There are now two boards of inquiry looking into how three neo-Nazis could have travelled around Germany and killed ten people before the security services (16 branches in total, not counting special police units whose job is to keep an eye on right-wing groups) tracked them down last November. Two of the suspects died as the police were closing in on them in Eisenach; the third, Beate Zschäpe, is in jail awaiting trial.
There are many gaps in the evidence being placed before the inquiries. A department head in the Thüringen Security Service shredded a dozen files on right-wing activists in November 2011, just as the members of the National Socialist Underground were being rounded up. Not a serious problem, his boss says. Another file shows that one security agent had an informant who was fond of cats and close to her grandmother. The head of the agency says that this informant was not Zschäpe, although she too loves cats and is fond of her grandmother.
A member of one of the boards of inquiry, who represents the Linke, has posted some of the odder statements made in open sessions by leading officials from the Thüringen Security Service. The following statements were made by a former department head who was suspended after making an official complaint about his boss, Helmut Roewer.
The major agents were Andre Kapke, he was the bad cop and Ralf Wohlleben – he was the intelligent one. We once hired them an aircraft so that they could follow their suspect without being spotted.
Roewer was seen one day riding a bicycle around the sixth floor of the office building. When asked about this he told us that he wanted to be sure that they were suitable for observation purposes.
Once I went into Roewer’s office. There was a buffet with candles, wine and cheese laid out for six or seven female guests and Roewer was paying court to them all at once. He wanted me to give him a secret briefing while his guests stood around drinking wine and chatting.
Herr Roewer always walked about barefoot in summer. He put his dirty feet on my desk as we talked.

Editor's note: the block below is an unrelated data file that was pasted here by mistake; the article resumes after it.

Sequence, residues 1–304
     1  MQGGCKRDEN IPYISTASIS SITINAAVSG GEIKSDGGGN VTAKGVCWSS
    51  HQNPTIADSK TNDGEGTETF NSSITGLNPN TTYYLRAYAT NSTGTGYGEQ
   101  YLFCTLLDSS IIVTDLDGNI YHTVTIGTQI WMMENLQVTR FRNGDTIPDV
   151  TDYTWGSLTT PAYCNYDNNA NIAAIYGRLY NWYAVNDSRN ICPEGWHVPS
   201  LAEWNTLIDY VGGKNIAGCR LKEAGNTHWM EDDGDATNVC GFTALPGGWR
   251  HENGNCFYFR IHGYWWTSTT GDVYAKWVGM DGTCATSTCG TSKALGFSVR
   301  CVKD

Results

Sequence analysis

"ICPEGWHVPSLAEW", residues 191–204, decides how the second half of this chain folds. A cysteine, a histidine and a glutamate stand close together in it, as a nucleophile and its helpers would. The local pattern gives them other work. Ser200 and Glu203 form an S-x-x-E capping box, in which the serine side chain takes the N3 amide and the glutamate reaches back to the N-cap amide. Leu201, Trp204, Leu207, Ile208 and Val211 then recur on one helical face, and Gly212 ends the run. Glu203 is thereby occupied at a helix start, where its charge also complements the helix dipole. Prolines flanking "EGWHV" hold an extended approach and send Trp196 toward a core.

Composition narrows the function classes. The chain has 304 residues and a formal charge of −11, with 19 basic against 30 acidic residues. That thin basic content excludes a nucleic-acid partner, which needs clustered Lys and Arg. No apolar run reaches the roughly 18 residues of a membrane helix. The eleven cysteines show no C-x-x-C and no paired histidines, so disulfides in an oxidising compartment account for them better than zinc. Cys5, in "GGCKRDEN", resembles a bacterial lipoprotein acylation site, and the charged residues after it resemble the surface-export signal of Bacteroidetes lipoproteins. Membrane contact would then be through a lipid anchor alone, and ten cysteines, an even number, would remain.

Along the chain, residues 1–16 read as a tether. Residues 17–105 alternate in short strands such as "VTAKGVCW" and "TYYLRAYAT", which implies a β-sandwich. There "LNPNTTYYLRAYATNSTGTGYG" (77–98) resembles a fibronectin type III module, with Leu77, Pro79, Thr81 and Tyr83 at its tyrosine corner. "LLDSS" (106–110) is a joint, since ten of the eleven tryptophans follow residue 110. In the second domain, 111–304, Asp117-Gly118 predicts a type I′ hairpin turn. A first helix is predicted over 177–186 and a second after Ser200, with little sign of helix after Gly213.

Roewer had his own special source – nobody else knew who this was but his name was Günther. He was well-paid. Nobody except Roewer was allowed to make contact with him.
Roewer and Frau Timpel, the head of the department for foreign crime, used the same information sources for a book that they wrote on the security service. They were photographed at a book presentation where they gave their full names and their official titles. One day one of her agents threw a brick through the window of her house and she was immediately transferred to Erfurt – at state expense. She was Roewer’s girlfriend and later became his wife.
Roewer’s evidence is even better:
As far as I know, I am the only person in the Thüringen Security Service who has enjoyed professional training in security work.
I don’t know how many sources we have at any one time. We have four departments that all recruited agents and we also founded fake companies, that is quite normal.
I was a civil servant in the Interior Ministry when they asked me if I would like to be head of the Thüringen Security Service. I was obviously a civil servant with a good reputation.
Many of the people in the service were incompetent and only a few were fit for further training. I am regarded as an expert on training agents in Security Service matters.
I have often been to (right-wing) meetings in Jena, where I have calmed things down and recruited agents for our security work.
I went to concerts where I tried to recruit skinheads as agents, but they were all drunk and forgot what they were supposed to do.
Once I had to fire an agent who crashed his car when he was drunk. There is not always a competent head on an agent’s shoulders.
There were 50 people in the Security Service, none of whom had the necessary professional training. My superiors expected me to train them – I had an excellent reputation as an expert on domestic security.
One of my staff sent a fax to the Green Party with a list of the members of the Linke whom we were observing as potential dangers to the established order. It was supposed to go to the CDU and it was not authorised. I was on holiday at the time.
How did I become head of the Security Service? One evening – it was about 11 p.m. – an unknown person brought me a document appointing me in a yellow envelope. It was dark, I could not see his face. I was drunk anyway. Next morning I found the envelope in my pocket.